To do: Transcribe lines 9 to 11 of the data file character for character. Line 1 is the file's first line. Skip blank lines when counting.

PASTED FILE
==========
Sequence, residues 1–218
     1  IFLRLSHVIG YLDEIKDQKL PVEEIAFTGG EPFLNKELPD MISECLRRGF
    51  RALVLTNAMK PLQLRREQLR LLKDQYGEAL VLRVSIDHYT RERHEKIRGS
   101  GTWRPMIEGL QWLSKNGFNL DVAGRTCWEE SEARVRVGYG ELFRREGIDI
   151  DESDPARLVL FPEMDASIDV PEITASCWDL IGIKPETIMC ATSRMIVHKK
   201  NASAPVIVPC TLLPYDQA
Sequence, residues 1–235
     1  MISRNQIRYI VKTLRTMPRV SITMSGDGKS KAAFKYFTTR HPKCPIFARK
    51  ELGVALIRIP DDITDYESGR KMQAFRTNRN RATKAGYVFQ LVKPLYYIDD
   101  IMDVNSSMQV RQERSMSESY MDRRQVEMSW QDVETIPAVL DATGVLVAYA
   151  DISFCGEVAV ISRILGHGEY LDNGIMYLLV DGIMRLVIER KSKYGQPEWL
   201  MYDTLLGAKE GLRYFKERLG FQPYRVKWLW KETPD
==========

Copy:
    51  ELGVALIRIP DDITDYESGR KMQAFRTNRN RATKAGYVFQ LVKPLYYIDD
   101  IMDVNSSMQV RQERSMSESY MDRRQVEMSW QDVETIPAVL DATGVLVAYA
   151  DISFCGEVAV ISRILGHGEY LDNGIMYLLV DGIMRLVIER KSKYGQPEWL